April 24, 2014
gelato-making equipment

Simona Faroni and Guido Tremolini were the first business owners in the U.S. to get their gelato-making equipment approved.

Simona Faroni and Guido Tremolini

Simona Faroni and Guido Tremolini were the first business owners in the U.S. to get their gelato-making equipment approved.

Business Formation

Sweet Success - Gelato comes to Northwest Florida

Wendy Dixon | 12/20/2013

Twenty years ago, when Simona Faroni and Guido Tremolini traveled from their native Italy to Florida to visit friends, they noticed an absence of gelato stores. “There are hundreds of gelato shops in our hometown,” Faroni says. “And there weren’t any here, which was surprising.”

The couple saw enough opportunity that they decided to move to Destin and start a gelato business.

The process wasn’t smooth — in addition to the language barrier, they had to deal with cultural differences and unfamiliar business regulations. The Florida Department of Agriculture’s licensing requirements and regulations, for example, prevented Tremolini’s European equipment from being installed without major modifications.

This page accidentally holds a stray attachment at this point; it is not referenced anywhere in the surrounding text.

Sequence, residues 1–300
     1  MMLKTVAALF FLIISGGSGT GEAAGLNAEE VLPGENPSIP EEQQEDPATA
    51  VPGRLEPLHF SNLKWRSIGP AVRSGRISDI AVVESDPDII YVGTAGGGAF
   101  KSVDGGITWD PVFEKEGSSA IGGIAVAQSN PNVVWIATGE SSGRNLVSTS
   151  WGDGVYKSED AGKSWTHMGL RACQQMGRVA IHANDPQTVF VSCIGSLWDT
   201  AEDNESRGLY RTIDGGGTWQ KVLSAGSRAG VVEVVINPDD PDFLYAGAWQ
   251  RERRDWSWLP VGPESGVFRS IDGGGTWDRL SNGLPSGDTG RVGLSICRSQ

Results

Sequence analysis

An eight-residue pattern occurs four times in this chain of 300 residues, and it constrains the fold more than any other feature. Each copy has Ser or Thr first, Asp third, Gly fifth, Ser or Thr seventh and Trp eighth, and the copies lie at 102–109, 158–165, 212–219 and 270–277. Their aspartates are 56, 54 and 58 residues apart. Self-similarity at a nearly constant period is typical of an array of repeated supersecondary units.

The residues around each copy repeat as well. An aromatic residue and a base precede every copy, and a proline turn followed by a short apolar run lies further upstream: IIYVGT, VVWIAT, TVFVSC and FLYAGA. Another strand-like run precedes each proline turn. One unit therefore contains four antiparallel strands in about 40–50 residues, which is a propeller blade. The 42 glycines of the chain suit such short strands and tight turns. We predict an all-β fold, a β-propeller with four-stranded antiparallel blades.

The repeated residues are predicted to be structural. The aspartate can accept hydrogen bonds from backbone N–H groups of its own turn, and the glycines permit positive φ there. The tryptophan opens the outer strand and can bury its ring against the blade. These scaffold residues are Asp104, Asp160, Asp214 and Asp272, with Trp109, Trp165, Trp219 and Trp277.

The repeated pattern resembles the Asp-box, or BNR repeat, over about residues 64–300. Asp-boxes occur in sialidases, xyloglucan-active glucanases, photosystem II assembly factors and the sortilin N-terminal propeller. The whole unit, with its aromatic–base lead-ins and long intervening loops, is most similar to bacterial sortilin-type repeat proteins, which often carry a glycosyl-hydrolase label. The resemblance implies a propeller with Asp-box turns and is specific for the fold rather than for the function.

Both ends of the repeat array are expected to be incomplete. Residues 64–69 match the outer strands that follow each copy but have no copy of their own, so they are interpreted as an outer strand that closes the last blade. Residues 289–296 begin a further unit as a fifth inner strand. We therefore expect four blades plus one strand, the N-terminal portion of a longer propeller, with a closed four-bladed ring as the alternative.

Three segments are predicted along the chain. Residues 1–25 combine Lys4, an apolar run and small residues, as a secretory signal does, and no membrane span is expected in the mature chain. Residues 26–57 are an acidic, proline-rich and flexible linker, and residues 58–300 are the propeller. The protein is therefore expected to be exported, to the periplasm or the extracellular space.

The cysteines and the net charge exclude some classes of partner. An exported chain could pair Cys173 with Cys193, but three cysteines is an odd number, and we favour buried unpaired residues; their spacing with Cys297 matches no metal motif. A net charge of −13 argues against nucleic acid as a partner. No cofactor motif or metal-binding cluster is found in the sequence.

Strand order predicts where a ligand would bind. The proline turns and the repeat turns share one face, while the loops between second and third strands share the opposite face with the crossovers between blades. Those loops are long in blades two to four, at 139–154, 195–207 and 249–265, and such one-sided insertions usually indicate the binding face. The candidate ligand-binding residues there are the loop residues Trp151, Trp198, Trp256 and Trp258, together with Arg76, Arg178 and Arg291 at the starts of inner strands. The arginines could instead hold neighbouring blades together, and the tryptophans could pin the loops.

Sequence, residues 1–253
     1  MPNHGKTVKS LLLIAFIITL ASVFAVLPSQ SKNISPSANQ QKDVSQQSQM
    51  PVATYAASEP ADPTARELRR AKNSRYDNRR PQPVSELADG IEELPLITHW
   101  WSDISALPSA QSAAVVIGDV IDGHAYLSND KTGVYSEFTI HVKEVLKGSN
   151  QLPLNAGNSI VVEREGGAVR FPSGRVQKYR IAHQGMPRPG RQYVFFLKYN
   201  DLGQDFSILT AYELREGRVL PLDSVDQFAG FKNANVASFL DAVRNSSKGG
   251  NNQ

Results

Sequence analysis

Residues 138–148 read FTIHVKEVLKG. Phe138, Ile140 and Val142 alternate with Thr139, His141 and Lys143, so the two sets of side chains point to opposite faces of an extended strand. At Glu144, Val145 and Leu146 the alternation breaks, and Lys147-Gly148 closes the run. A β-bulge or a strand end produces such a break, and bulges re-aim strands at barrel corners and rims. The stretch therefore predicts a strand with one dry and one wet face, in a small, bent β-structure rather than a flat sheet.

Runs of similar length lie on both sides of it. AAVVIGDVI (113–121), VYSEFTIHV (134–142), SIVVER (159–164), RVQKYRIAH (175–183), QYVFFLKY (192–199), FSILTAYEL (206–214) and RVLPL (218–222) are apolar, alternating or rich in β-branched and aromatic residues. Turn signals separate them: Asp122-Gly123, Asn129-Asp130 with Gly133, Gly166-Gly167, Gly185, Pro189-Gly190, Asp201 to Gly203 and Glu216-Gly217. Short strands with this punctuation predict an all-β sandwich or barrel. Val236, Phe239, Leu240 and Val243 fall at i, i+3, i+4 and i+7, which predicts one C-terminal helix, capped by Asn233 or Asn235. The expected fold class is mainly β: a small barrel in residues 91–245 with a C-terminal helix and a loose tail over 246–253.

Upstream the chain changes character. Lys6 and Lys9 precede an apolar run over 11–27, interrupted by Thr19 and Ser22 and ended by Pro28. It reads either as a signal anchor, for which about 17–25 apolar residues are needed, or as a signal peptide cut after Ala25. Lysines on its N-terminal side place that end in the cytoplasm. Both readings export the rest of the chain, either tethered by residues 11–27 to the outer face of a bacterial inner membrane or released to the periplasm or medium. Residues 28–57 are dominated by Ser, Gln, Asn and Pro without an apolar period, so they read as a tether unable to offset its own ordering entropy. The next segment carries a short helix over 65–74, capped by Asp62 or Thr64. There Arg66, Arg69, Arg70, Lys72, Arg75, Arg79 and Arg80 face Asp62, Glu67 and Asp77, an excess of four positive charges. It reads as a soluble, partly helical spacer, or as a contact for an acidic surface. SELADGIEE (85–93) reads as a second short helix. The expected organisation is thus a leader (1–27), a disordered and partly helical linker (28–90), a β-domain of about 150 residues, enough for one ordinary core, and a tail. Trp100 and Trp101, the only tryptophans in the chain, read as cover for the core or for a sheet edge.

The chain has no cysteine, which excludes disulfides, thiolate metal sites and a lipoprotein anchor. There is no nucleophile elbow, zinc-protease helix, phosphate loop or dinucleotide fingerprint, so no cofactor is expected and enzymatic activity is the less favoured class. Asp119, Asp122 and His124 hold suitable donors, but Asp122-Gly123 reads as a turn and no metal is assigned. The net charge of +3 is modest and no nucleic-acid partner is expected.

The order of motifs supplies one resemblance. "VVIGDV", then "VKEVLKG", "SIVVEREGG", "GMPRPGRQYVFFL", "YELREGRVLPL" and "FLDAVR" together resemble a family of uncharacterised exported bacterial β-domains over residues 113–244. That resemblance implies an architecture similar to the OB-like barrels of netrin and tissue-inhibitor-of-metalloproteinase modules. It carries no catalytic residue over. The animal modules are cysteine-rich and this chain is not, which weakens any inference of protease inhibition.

For 14 months, as they worked with the department’s Bureau of Dairy Industry to redesign the equipment to meet Florida standards, they spent their spare time learning the American language and culture. One observation: Faroni says she was struck by how Americans view food as fuel — a means to get through the day — while Italians view food as nourishment and pleasure. Another big difference: “The U.S. government was helpful in getting our business started; it doesn’t work that way in Italy.”

Ultimately, the couple were the first in the United States to have their Italian gelato-making equipment approved by the U.S. Department of Agriculture.

Faroni and Tremolini, who now hold both U.S. and Italian citizenship, opened G.S. Gelato and Desserts — G for Guido and S for Simona — in Destin in 1996. After running a series of cafes, they began focusing on products for the mass market, creating branded and private-label gelato, sorbet and frozen yogurt. Operating from a 26,000-sq.-ft. facility in Fort Walton Beach, G.S. Gelato sells to retail and food service clients all over the U.S., including to Universal Resorts in Orlando. Archer Farms Gelato and Sorbet, Target’s store brand, will now be produced by G.S. Gelato and will be on Target shelves nationwide beginning in February. Revenue, which has been rising 35% to 40% a year, is $22.3 million.

Tags: Northwest

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